Citing his weekend arrest on gun-related charges, the Washington Redskins on Monday excused second-year safety Sean Taylor from the balance of the team's offseason voluntary workouts and also from a mandatory June 17-19 mini-camp.
Club officials, league sources said, also began reviewing Taylor's contract to assess the possibilities of either recovering or withholding payments if the 2004 first-round draft choice misses either part or all of the 2005 season as a result of his legal entanglements.
The Redskins are scheduled to report for summer training camp on July 31 with the first practice slated for the next day.
"As an organization, we feel it's better for Sean to concentrate on these personal issues and hopefully get this squared away for him," team president and head coach Joe Gibbs said in a statement. "Everyone here is aware of the situation involving Sean Taylor this past week in Miami. The league has a personal conduct policy that governs this type of situation and we will be discussing the matter with league officials. All questions regarding the League's Personal Conduct Policy should be directed to the league office.
"With that in mind, we have informed Sean's agent that, as of today, Sean is excused from participating in the remainder of the club's voluntary offseason workout program and the upcoming mandatory mini-camp beginning on June 17. As an organization, the Redskins believe that it is in Sean's best interest to focus on his personal and legal issues at this time."
Taylor, the fifth player chosen overall in the 2004 draft and a starter in 13 games his rookie season, has skipped all of the Redskins' offseason workouts to date. It is speculated that the former University of Miami star is seeking to have his contract upgraded, but Gibbs noted last week he did not believe Taylor's absence was contract-related.
That said, Taylor has not returned Gibbs' phone calls the entire offseason. The Redskins organization was said, even before Taylor's arrest, to be upset with the lack of communication.
As part of his seven-year contract, which has a base value of about $18 million and a maximum value of $40 million, according to NFL Players Association documents, Taylor was to earn $13.045 million in signing, roster and option bonuses. It is believed that Taylor has received $9.022 million of that bonus total to date. A league sources said that Taylor's contract does include "certain default language" that would permit the team to seek "a readjustment" to the deal if the Redskins are deprived of his services.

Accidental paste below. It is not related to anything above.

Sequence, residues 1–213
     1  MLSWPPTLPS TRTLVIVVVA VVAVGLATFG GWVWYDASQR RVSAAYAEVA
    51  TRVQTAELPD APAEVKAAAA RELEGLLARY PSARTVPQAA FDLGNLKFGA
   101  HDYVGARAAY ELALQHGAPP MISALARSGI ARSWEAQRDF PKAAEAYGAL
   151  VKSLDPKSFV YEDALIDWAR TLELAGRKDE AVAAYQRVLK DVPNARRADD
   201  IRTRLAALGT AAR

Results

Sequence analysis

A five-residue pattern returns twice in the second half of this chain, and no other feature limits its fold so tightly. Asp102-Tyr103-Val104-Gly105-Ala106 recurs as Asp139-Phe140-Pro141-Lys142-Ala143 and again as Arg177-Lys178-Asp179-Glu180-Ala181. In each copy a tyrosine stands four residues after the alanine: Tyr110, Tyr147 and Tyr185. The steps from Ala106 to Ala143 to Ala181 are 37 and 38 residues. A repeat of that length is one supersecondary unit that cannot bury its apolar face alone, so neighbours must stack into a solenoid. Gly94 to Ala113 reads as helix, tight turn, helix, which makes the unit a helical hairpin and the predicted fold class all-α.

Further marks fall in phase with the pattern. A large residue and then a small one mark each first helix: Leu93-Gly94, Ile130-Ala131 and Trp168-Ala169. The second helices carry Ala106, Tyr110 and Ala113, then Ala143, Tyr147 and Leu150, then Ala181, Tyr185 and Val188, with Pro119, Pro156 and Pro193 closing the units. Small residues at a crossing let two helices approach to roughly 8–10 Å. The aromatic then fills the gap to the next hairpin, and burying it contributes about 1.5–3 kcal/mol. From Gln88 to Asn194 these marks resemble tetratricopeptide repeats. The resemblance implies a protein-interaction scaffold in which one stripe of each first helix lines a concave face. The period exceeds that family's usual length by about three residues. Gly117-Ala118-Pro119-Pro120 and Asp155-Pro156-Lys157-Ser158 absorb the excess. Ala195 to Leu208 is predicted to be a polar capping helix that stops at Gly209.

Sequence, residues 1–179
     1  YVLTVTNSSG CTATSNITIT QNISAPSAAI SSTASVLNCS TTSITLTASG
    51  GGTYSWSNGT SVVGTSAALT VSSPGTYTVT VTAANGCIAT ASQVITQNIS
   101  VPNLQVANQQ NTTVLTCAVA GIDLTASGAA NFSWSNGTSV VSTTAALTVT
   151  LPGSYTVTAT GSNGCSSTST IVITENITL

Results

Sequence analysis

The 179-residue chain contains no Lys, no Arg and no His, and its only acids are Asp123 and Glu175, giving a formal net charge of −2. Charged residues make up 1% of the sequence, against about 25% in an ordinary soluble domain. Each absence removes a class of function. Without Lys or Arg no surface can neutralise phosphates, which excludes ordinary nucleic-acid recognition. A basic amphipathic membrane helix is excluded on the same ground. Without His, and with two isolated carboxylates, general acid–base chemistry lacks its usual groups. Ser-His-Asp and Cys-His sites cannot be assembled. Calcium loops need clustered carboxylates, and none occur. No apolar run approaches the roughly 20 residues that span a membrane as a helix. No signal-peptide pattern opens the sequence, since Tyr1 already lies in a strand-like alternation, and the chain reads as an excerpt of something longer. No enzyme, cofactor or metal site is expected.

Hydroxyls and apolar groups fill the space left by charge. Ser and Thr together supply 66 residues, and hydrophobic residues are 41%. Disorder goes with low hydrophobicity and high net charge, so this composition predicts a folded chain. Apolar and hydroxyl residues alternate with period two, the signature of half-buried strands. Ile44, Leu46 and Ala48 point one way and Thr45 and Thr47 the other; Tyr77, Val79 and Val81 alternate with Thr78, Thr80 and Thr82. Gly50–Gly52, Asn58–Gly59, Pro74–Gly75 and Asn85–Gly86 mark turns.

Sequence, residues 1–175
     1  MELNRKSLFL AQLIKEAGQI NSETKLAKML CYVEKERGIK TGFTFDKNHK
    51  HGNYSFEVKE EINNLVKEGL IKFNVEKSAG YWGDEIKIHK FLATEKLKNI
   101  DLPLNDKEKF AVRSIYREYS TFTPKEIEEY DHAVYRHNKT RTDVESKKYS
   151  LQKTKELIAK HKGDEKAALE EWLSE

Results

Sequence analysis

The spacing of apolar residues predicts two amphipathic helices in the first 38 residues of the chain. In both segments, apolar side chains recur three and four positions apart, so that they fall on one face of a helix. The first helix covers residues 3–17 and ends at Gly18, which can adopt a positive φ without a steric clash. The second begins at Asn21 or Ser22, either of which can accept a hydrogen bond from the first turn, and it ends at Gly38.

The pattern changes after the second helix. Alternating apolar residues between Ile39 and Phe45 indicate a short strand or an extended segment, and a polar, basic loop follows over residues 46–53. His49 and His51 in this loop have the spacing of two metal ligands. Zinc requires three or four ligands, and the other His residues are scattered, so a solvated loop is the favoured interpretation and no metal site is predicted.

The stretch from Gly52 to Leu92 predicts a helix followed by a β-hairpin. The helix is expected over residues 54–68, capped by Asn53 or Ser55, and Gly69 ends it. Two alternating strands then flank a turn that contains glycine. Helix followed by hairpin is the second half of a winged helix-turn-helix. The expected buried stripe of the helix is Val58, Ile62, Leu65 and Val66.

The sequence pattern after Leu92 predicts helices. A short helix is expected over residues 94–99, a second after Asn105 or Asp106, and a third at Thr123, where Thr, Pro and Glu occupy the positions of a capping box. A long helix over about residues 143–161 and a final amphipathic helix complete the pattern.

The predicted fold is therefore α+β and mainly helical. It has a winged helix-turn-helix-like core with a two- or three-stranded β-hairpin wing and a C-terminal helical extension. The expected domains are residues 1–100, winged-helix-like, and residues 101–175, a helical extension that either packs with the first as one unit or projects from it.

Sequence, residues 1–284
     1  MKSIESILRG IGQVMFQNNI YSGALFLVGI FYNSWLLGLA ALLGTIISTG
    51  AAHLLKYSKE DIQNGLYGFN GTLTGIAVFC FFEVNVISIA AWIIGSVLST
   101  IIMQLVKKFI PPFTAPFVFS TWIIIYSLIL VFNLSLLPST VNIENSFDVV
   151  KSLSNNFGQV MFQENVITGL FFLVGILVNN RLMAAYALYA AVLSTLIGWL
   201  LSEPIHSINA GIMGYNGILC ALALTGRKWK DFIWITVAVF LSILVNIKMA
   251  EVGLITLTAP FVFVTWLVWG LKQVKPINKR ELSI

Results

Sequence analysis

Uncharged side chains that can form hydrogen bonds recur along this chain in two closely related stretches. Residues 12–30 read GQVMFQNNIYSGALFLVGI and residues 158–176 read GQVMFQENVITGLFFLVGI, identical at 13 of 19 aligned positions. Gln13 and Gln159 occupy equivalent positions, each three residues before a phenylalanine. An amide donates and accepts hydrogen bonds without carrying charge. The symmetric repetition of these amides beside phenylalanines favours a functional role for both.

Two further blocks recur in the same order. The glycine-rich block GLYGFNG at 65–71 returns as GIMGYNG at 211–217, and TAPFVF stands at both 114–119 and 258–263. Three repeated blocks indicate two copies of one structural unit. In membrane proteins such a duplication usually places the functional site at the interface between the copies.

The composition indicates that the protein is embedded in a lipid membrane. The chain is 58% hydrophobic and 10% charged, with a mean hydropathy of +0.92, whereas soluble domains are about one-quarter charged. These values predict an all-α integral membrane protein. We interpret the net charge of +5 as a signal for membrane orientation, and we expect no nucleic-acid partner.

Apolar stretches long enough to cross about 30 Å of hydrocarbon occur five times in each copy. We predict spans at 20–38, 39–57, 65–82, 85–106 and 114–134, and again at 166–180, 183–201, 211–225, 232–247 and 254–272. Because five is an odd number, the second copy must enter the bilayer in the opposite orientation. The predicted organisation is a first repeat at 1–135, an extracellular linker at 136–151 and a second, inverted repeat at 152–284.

Taylor turned himself in to police Saturday night after a
three-day search. Police said Taylor pointed a gun but did not fire at an unidentified person Wednesday during a dispute over two vehicles he claimed were stolen. Taylor also punched one person, according to the police statement, leading to a second charge of simple battery.
Taylor, 22, is free on $16,500 bond with an arraignment date
scheduled for June 24. His football career is in serious jeopardy
if he is convicted of the felony charge: It carries a minimum
sentence of three years as a result of a crackdown on
firearms-related crimes passed by Florida's legislature several
Taylor's offseason absence is just one of a laundry list of
headaches the talented player from the University of Miami has
caused the team since the Redskins chose him with the No. 5 overall
pick a year ago. Gibbs has repeatedly call the selection "one of
the most researched things" ever, but Taylor has instead
repeatedly tested Joe Gibbs' No. 1 rule for players: "Don't
embarrass the Redskins."
Taylor fired his agent the week the Redskins selected him,
keeping his contract situation in limbo all summer until he hired a
new one. He then fired the new one because he wasn't happy with his
seven-year, $18 million deal. He also was fined for missing one day
of the NFL's mandatory rookie symposium.
Taylor was charged with drunken driving in October after
attending a late-night birthday party for receiver Rod Gardner. He
missed practice after the arrest and was benched for the following
The charges were dismissed in January.
When he was on the field, Taylor was a formable presence. He
started 13 games and had 89 tackles, four interceptions, one sack
and forced two fumbles. He finished fourth in voting for the AP's
NFL defensive rookie of the year.
Len Pasquarelli is a senior NFL writer for ESPN.com. Information from The Associated Press was used in this report. To check out Len's chat archive, click here.